Olympus has fallen!

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Franke07
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Olympus has fallen!

Postby Franke07 » Wed 24 Jun 2020, 13:25

A little dramatic; however they have just sold off their imaging business. At this point it is unclear where Newco will take the new business!
https://www.digitalcameraworld.com/news ... a-division
Mike Farley
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Re: Olympus has fallen!

Postby Mike Farley » Wed 24 Jun 2020, 16:53

Franke07 wrote:A little dramatic; .....

A touch of hyperbole, I agree, but it does feel seismic. There have been changes of ownership for the imaging divisions of Japanese companies in the past. I am thinking of Sony's acquisition of the Konica-Minolta imaging division (itself the result of a merger) and sale of Pentax first to Hoya and then Ricoh. In each instance, unlike now, the new owner was already engaged in the imaging business. There have been many rumours about losses at Olympus' photography business, always stenuously denied, which clearly did have a sound basis. Olympus, itself, has been re-issuing essentially the same camera for a while now so there were signs. Still, the new owner must feel confident about turning the business around, although it is debatable whether with falling sales the market is big enough for all the existing players.
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Mike Farley
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Mike Farley
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Re: Olympus has fallen!

Postby Mike Farley » Thu 25 Jun 2020, 08:16

Kirk Tuck has written a thoughtful piece highlighting how innovative Olympus has been over the years. For example, he points out that along with Panasonic, the company invented the concept of the modern mirrorless camera. Going back to the days of film, the OM system was revolutionary for its time as well. I do wonder what the future holds, both for Olympus and m43. Will there eventually be a new owner for the whole of Olympus or will it be broken up? Is anyone really going to invest wholesale in the camera industry when the market continues to contract?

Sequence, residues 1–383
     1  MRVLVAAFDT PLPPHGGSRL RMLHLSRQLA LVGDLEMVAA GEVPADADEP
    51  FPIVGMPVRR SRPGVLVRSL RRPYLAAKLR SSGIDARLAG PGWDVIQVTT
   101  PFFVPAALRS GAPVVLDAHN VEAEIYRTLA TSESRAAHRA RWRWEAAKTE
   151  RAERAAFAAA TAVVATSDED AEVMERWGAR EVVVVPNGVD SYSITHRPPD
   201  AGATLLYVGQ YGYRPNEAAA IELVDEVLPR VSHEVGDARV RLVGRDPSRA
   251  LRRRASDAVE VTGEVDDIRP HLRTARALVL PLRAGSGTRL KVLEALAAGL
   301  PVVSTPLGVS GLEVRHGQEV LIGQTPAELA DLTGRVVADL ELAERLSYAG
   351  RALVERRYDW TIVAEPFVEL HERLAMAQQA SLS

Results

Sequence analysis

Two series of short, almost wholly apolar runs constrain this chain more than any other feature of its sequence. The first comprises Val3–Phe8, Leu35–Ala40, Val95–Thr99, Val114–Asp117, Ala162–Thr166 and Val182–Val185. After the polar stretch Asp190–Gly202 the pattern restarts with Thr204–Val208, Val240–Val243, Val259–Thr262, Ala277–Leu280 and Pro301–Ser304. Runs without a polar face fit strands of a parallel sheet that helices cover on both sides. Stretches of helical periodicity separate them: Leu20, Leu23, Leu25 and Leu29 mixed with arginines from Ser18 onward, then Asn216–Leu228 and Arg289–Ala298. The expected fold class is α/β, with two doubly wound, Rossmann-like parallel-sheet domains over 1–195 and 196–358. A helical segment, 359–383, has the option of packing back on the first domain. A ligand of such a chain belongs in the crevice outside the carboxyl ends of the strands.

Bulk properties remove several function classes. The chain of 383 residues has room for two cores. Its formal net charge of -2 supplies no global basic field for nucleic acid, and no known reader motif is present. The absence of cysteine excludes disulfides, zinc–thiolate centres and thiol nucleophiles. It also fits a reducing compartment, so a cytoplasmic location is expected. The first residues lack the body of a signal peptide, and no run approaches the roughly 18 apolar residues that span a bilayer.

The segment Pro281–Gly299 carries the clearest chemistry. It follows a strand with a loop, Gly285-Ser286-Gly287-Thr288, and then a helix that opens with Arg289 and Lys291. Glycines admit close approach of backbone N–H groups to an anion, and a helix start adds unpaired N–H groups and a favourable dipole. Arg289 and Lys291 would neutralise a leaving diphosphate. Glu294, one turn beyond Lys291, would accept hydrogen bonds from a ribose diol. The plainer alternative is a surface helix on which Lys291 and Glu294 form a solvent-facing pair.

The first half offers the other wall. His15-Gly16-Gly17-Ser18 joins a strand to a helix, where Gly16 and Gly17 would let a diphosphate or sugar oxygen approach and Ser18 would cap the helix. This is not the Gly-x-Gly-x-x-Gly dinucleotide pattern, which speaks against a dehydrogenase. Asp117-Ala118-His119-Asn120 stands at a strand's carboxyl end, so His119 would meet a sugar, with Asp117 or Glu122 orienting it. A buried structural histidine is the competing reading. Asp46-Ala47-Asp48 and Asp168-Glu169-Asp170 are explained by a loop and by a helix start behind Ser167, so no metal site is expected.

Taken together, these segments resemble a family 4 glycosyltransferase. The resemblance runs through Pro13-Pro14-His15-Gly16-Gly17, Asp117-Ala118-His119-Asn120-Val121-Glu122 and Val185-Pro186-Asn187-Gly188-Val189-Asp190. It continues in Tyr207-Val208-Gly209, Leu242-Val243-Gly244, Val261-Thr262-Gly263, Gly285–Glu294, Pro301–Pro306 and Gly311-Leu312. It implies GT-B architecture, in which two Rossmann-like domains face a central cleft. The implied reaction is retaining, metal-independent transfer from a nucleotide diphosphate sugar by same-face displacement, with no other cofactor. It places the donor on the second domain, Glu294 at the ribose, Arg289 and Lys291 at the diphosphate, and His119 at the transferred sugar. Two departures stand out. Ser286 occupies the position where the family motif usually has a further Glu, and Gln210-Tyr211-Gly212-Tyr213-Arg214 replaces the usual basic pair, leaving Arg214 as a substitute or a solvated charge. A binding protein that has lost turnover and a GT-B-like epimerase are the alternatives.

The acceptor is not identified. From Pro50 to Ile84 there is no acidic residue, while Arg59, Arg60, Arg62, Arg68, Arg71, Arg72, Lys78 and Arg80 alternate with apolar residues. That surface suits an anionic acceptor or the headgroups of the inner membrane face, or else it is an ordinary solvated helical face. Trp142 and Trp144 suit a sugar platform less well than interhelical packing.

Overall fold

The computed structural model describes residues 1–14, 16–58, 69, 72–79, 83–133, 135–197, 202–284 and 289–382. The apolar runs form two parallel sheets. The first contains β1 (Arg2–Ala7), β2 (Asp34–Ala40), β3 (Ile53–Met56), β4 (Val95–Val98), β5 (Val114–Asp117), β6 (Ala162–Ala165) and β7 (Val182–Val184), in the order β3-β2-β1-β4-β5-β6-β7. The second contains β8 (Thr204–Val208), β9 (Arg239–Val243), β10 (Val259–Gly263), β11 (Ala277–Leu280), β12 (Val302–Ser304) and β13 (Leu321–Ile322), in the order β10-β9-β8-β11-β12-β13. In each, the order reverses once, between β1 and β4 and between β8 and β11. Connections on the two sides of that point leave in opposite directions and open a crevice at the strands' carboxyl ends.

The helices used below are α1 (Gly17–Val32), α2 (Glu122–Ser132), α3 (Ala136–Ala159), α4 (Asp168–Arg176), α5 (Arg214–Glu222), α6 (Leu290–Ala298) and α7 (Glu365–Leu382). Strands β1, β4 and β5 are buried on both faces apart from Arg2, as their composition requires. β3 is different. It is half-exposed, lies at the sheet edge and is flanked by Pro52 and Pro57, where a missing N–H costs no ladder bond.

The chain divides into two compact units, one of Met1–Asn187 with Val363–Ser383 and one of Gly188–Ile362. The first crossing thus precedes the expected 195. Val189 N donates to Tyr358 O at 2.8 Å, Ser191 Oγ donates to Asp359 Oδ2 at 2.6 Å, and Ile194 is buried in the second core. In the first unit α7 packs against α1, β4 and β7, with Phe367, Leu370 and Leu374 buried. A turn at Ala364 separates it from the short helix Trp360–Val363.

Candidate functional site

https://visualsciencelab.blogspot.com/2 ... ympus.html
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Mike Farley
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Franke07
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Re: Olympus has fallen!

Postby Franke07 » Thu 25 Jun 2020, 21:34

Mike Farley wrote:Kirk Tuck has written a thoughtful piece highlighting how innovative Olympus has been over the years. For example, he points out that along with Panasonic, the company invented the concept of the modern mirrorless camera.

https://visualsciencelab.blogspot.com/2 ... ympus.html


My first digital camera was an Olympus mirrorless bridge! Despite its limitations I liked the quality of the 3mgp images
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Re: Olympus has fallen!

Postby Mike Farley » Fri 26 Jun 2020, 08:46

Mike Farley wrote:Still, the new owner must feel confident about turning the business around .....

Having read a bit more about the new owner since writing that, I am even less optimistic now. According to Ming Thein, JIP is a quasi Japanese government agency that acquires domestic brands deemed of national importance to prevent them and associated IP from falling into foreign hands. Meanwhile, another commenter (Doug Janis) has suggested that Olympus is paying JIP to take on the imaging division in order to get around its obligations under Japanese employment and servicing laws. Sadly, it looks as though decades of mismanagement at Olympus might have finally done for its camera division.

Ming Thein's article: https://blog.mingthein.com/2020/06/25/t ... more-19938